DOES NEW JERSEY NEED EVEN TIGHTER GUN CONTROL?: Two recent gun-related attacks - the Arizona shooting that left six dead and 13 wounded, including Congresswoman Gabrielle Giffords, and the fatal shooting of a Lakewood police officer - have prompted plenty
Submitted by andy on Tue, 2011-02-15 13:06
February 13, 2011 - Asbury Park Press
In the wake of another predictable mass shooting, the most recent in Tucson where six people died and another 13 were wounded, including a U.S. congresswoman, the issue of preventing gun violence has raised its head. It's sad that it takes such carnage to awaken people to the lack of safety from gun violence in America.
Such massacres are uniquely American and predictable, as are the shootings that occur in cities, towns, suburbs and countrysides across our nation every hour. Americans have a per-capita gun death rate many times greater than any other industrialized country. Incredibly, many major American cities have more gun homicides each year than entire industrialized nations.
Americans respond to massacres like Tucson, Virginia Tech, Columbine and too many others in one of two ways. A tiny minority calls for allowing individuals to carry guns in public, in a delusional belief that arming everyone will lead to less gun violence.
Let's dispose of that dangerous notion and get serious. The "more guns, less gun violence" theme is based on the theory that, if there were many more armed citizens, people intent on mayhem — whether it be sensational mass killings like Tucson or everyday gun crime that makes citizens fearful of walking the streets — will think twice about wielding guns and may eschew doing so altogether. Thus, "an armed society is a polite society."
I admit there is some seemingly appealing, if twisted, logic to this. But the facts disprove it. If it were true, our country, with its high per-capita gun possession rate, would have a relatively low rate of gun violence. The opposite, of course, is true. More guns in more hands do not cause less gun violence; they cause more.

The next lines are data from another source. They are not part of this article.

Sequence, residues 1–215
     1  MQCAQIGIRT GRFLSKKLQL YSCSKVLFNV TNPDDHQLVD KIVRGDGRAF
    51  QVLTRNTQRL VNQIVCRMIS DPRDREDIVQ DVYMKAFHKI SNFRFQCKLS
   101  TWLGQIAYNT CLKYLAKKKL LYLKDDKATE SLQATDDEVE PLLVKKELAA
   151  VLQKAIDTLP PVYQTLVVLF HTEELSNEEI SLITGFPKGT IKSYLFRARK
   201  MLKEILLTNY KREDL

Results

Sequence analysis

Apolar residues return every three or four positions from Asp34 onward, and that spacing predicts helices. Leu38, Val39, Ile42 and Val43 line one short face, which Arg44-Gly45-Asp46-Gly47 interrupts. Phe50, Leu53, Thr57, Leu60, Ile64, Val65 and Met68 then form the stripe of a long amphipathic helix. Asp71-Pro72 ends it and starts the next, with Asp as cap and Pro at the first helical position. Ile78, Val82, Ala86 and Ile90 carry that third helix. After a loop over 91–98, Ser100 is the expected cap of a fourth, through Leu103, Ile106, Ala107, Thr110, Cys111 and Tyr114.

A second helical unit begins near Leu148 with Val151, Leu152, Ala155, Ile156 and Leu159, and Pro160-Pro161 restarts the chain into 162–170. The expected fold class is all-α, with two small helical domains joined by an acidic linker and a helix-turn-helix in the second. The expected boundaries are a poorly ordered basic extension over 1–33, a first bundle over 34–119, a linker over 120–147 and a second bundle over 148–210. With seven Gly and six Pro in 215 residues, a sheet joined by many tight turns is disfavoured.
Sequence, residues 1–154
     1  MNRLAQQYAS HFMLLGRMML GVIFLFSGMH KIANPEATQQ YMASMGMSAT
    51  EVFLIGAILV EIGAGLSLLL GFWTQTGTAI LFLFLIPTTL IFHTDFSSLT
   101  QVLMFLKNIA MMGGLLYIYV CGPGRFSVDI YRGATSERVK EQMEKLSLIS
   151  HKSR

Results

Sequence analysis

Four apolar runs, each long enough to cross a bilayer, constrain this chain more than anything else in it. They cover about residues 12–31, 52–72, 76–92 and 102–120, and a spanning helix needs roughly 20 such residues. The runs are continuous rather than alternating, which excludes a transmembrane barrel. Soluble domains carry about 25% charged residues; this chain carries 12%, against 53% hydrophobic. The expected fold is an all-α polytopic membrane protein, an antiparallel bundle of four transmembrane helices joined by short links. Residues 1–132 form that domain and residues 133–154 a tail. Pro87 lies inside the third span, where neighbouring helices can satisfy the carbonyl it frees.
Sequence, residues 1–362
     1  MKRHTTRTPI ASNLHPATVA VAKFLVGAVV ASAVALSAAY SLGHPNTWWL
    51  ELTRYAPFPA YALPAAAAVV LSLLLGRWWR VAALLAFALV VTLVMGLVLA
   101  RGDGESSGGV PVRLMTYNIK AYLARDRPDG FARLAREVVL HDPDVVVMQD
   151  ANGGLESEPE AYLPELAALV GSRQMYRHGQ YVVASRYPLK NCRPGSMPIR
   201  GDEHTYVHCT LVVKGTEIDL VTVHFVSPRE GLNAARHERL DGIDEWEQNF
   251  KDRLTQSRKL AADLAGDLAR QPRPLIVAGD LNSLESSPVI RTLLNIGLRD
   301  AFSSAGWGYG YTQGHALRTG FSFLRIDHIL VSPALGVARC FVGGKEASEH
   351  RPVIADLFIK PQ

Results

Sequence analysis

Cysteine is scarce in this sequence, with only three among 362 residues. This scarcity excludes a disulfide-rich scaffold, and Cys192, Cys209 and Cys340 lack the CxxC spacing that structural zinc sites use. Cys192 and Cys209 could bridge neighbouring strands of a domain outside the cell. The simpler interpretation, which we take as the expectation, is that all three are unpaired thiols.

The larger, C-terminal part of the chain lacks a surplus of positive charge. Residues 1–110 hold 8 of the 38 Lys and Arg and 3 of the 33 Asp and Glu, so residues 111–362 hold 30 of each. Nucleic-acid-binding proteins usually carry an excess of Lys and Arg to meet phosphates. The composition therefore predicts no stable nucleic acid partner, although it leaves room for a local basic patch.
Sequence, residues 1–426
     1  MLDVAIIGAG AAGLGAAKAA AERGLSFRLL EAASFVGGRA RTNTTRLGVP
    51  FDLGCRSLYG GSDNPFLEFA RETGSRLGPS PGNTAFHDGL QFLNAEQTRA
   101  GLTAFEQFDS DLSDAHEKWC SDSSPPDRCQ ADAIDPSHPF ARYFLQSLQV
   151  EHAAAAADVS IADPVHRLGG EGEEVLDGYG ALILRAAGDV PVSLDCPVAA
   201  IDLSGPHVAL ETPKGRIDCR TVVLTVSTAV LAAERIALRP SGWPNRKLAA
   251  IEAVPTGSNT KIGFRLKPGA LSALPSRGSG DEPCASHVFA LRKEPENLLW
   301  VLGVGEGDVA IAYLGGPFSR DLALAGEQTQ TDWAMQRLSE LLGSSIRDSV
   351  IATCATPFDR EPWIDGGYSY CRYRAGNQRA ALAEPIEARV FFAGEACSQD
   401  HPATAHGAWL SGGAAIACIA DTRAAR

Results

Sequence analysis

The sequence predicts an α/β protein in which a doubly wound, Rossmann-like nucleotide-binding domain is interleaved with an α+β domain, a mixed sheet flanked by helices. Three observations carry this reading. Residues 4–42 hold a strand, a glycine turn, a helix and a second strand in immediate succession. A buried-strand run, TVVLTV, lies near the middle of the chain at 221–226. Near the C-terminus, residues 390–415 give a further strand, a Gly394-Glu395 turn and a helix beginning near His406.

New Jersey, according to the Brady Campaign to Prevent Gun Violence, the nation's largest organization devoted to reducing gun violence, has the second most effective gun laws in the country. The pro-gun minority seeks to weaken them, citing the bogus "armed/polite" premise. Should we?
It would be an enormous mistake to make the Garden State's effective gun laws less so. We know they work because annualized data from the federal Centers for Disease Control demonstrates that New Jersey has one of the lowest per-capita rates of gun death among the 50 states. In fact, the six states with the lowest rates of gun death also have relatively strong gun laws. Coincidence? I think not.
The bulk of the gun violence we face in New Jersey is committed with guns purchased in other states and illegally trafficked here. According to the federal Bureau of Alcohol, Tobacco, Firearms and Explosives, the enforcer of federal gun laws, almost three-quarters of the guns recovered from crime by New Jersey law enforcement come from out of state. This is because our laws, including one that limits purchasers to no more than a single handgun per month — which gun advocates seek to dismantle — discourage the movement of guns from legal sale at New Jersey gun shops to illegal street sale.
Because of our rigorous state background check system, the Tucson, Virginia Tech and Columbine shooters would not have been able to purchase any guns here, much less the assault guns used in two of those massacres, which we have banned for 20 years.
We should actually be doing more. Specifically, we should ban massively destructive .50-caliber sniper rifles. They are military weapons made to destroy material targets like refineries, chemical plants, rail tank cars and passenger aircraft — targets that dot our state and are available from New Jersey gun dealers.
New Jersey's choice is simple and clear: Make a tiny group of pro-gun zealots happy by weakening our gun laws, or opt for increased safety by strengthening them. If you believe the latter, you are part of the vast majority of New Jerseyans who want increased safety from gun violence, not more guns and gun violence.
Bryan Miller is the project director for Ceasefire New Jersey, a gun violence prevention group that is part of the Coalition for Peace Action.